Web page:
• How well does the interpretation of the findings fit well with what is already known?

Are the findings transferable to other settings?

  • Can the findings be applied to other settings? Consider the sample.

Summing it up

Now that you know how to critically appraise both quantitative and qualitative papers, it is also important to note that numerous critical appraisal tools exist. Some have different sub-tools for different study designs, while others are designed to be used for multiple study designs. These tools aid the critical appraisal process as they contain different questions to prompt the reader while assessing the study’s quality.9 Examples of tools commonly used in health professions are listed below in Table 7.2. Please note that this list is not exhaustive, as numerous appraisal tools exist. You can use any of these tools to appraise the quality of an article before choosing to use their findings to inform your own research or to change practice.

Table 7.2 Critical appraisal tools

Tool name Type of Research Website
Critical Appraisal Skills Programme (CAS) (UK) Quantitative, Qualitative, Systematic Reviews, Economic evaluation https://casp-uk.net/casp-tools-checklists/
CEBM (Oxford’s Centre for Evidence Based Medicine Systematic Reviews, Diagnostic Accuracy Studies, Prognosis Studies, Randomised Controlled Trials (RCT), Qualitative Studies, Individual Patient Data Reviews https://www.cebm.ox.ac.uk/resources/ebm-tools/critical-appraisal-tools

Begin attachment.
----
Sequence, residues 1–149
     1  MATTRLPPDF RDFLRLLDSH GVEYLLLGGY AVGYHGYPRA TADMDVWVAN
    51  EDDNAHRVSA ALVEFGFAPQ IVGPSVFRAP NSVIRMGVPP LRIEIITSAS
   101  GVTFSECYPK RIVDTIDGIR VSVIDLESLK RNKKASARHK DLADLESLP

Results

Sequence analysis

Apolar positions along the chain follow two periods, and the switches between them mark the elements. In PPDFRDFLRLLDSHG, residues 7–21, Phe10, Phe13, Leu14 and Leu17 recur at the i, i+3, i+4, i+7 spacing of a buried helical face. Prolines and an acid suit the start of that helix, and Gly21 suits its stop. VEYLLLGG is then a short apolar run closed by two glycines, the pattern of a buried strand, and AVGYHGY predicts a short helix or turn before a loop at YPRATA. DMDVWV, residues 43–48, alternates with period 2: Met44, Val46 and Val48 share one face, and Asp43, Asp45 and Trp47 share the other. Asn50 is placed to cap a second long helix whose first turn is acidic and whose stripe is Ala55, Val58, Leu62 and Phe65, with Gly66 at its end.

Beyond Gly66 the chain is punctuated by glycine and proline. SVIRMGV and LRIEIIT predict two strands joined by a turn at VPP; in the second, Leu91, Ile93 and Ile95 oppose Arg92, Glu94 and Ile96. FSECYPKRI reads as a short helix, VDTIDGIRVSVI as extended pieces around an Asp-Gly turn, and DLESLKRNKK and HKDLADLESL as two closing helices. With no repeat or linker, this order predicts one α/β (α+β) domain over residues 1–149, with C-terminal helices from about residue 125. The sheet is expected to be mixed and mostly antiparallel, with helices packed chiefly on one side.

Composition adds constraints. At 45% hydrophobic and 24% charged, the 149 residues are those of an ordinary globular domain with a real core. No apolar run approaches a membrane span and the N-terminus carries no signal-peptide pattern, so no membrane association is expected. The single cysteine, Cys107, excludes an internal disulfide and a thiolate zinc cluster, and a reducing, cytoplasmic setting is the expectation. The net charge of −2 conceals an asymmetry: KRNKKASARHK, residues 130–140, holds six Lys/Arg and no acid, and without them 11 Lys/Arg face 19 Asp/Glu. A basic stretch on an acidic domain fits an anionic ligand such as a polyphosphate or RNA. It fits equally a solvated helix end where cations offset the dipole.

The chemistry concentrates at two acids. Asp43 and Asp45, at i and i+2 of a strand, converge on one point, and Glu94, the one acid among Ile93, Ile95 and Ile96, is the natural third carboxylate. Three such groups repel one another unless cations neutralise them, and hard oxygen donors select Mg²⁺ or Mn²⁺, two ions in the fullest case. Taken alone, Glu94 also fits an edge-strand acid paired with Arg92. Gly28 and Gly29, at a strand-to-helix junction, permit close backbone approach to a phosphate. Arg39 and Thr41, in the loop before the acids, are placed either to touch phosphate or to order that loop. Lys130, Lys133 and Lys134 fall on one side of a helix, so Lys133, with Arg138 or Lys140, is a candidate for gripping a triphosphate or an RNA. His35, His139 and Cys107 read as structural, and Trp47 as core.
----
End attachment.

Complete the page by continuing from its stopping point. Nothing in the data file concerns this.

PEDro Scale (Physiotherapy evidence database) Randomised Controlled trials only https://pedro.org.au/english/resources/pedro-scale
Joanna Briggs Institute (JBI) Critical Appraisal Tools Quantitative, qualitative, economic evaluation, systematic reviews https://jbi.global/critical-appraisal-tools
CanChild/McMaster EBP Research Group-Evidence Review Forms Quantitative and Qualitative https://canchild.ca/en/resources/137-critical-review-forms-and-guidelines
Mixed Methods Appraisal Tool Systematic mixed studies reviews (reviews including original qualitative, quantitative and mixed methods studies) http://mixedmethodsappraisaltoolpublic.pbworks.com/w/page/24607821/FrontPage
AMSTAR 2 Systematic reviews that include randomised or non-randomised studies of healthcare interventions https://amstar.ca/Amstar-2.php
QUADAS-2 Diagnostic accuracy studies https://www.acpjournals.org/doi/full/10.7326/0003-4819-155-8-201110180-00009?rfr_dat=cr_pub++0pubmed&url_ver=Z39.88-2003&rfr_id=ori%3Arid%3Acrossref.org





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An Introduction to Research Methods for Undergraduate Health Profession Students Copyright © 2023 by Faith Alele and Bunmi Malau-Aduli is licensed under a Creative Commons Attribution-NonCommercial 4.0 International License, except where otherwise noted.